Cloudy with a Chance of a Science
- Grades 2-3
- Science and Engineering
Would a boat made of bread and peanut butter actually float? Could one tree be recycled into sweaters and bicycle seat covers? Could a pancake as big as a city block flatten a school? Children’s books ask readers to believe in imaginary worlds—but sometimes, there are important science concepts behind their words and pictures. This course delves into the science behind the stories. You and your classmates will explore the digestive system, weather patterns, engineering, and city planning while reading Judi and Ronald Barrett’s Cloudy with a Chance of Meatballs. You’ll learn about animal classification, waste management, pollution, industry, invention, plants, and ecosystems through Dr. Seuss’ The Lorax. By trying techniques that scientists use every day, like measurement, estimation, and rounding, you’ll learn how to predict what will happen next while collecting and classifying data, and you’ll leave the course with the ability to recognize science concepts in literature and the real world.
Note: Students with CTY-level verbal eligibility may also take this course.
Typical Class Size: 12
- Extract and explain scientific themes and concepts from children’s literature to form scientific questions or problems
- Develop an original lab experiment related to scientific concepts in Cloudy with a Chance of Meatballs or The Lorax that uses the scientific method and includes a question or problem, variables, controls, hypothesis, procedures including sketches/diagrams, and data collection methods and tools
- Collect, organize, and analyze data in tables and graphs to infer patterns and trends
- Defend conclusions for lab experiments using evidence to support/refute hypotheses
- Communicate the results of your science experiment in an oral presentation using visual aids and/or by writing an original, written children’s story with illustrations that you’ll share with classmates
Summer Dates & Locations
Testing and Prerequisites
|Required Level||CTY-Level||or CTY-Level|
Students must achieve qualifying scores on an advanced assessment to be eligible for CTY programs. If you don’t have qualifying scores, you have several different testing options. We’ll help you find the right option for your situation.Sign up for Testing Learn More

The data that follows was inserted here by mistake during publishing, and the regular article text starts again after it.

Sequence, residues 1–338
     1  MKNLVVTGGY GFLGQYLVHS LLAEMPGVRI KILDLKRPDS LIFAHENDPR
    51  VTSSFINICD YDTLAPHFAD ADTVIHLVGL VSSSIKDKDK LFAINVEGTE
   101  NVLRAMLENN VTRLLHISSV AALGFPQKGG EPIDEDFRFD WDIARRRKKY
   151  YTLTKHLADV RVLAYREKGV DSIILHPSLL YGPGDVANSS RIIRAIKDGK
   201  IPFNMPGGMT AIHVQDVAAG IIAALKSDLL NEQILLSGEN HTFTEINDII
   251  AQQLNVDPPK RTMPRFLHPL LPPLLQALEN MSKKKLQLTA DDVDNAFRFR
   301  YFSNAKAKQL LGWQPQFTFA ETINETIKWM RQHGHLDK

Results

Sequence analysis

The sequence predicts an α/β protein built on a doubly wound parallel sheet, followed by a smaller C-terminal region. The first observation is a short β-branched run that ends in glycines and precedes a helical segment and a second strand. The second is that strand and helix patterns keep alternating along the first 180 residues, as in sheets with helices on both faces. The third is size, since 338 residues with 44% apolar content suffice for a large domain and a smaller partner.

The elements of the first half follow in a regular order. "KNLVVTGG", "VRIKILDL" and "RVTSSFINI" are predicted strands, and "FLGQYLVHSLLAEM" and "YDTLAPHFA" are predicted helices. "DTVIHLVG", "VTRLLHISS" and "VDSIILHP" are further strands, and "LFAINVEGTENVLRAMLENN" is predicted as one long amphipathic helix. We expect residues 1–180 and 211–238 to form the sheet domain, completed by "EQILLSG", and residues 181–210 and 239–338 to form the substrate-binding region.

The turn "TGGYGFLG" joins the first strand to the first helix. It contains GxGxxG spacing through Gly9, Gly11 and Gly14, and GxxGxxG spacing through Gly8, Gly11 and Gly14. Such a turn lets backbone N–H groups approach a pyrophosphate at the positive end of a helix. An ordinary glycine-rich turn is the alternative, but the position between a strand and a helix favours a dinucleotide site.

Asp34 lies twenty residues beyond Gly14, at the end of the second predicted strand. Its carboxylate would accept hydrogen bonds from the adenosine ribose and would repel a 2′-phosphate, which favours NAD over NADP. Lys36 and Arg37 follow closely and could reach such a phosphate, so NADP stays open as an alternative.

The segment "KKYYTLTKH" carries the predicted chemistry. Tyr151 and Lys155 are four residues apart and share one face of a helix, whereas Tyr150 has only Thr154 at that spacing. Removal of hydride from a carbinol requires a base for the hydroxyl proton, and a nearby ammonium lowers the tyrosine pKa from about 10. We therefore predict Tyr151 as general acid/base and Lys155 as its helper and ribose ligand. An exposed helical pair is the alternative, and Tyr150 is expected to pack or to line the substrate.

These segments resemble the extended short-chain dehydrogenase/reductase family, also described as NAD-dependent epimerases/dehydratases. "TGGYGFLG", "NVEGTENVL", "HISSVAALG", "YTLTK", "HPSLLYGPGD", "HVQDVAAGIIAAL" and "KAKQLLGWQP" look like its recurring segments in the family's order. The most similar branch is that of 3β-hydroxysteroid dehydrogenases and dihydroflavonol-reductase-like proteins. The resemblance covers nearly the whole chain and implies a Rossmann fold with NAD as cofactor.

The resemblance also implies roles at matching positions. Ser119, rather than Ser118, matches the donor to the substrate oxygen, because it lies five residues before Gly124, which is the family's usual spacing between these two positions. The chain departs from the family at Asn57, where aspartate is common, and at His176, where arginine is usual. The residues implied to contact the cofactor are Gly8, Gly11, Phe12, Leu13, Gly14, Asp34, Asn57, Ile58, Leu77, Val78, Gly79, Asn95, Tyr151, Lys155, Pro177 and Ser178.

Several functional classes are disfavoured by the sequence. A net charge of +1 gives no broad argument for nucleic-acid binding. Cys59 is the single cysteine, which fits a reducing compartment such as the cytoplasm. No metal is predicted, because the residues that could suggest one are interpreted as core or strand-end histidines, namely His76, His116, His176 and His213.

Cost and Financial Aid
- Nonrefundable Application Fee - $50 (Waived for financial aid applicants)
- Nonrefundable International Fee - $250 (outside US only)
Financial Aid is available
We are committed to serving all talented youth regardless of financial circumstances. Financial assistance is available based on need.
Please acquire all course materials by the course start date, unless noted as perishable. Items marked as “perishable” should not be acquired until the student needs them in the course. If you have questions about these materials or difficulty locating them, please contact [email protected].
Course Extras (Lab fee info, etc): Lab fee: $145
These titles have been featured in past sessions of the course, and may be included this summer. CTY provides students with all texts; no purchase is required.
- The Lorax, by Dr. Seuss
- Cloudy with a Chance of Meatballs, by Judi Barrett and Ron Barrett
About Science and Engineering at CTY
Explore space and our planet
In our Introduction to Astronomy course, we’ll visit a nearby observatory or planetarium, see what the cosmos looks like through various spectra, and immerse ourselves in the science and technology that bring the universe closer to home. In Marine Ecology, we’ll visit local wetlands and tidepools, observe flora and fauna, collect water samples and analyze them for clues about their health and humans’ impact. And in The Global Environment, we will explore the human impact on our environment and generate proposals for addressing climate change.
Bond over chemistry
Our chemistry courses help you see the world differently, starting at the atomic level. The Edible World gives budding chefs and science lovers a glimpse into the chemical reactions that happen when we make food, and the chemical makeup of meals and treats we eat every day. In our Crystals and Polymers course, we’ll synthesize slime, grow rock candy, and isolate strawberry DNA to learn about the molecular structure of naturally occurring gems and human-produced plastics. In Chemistry in Society, we’ll consider how the chemicals in products can both enhance and degrade the world around us; produce biodiesel in a lab to understand alternative fuels; and prepare aspirin to learn about the healing and toxic properties of pharmaceuticals.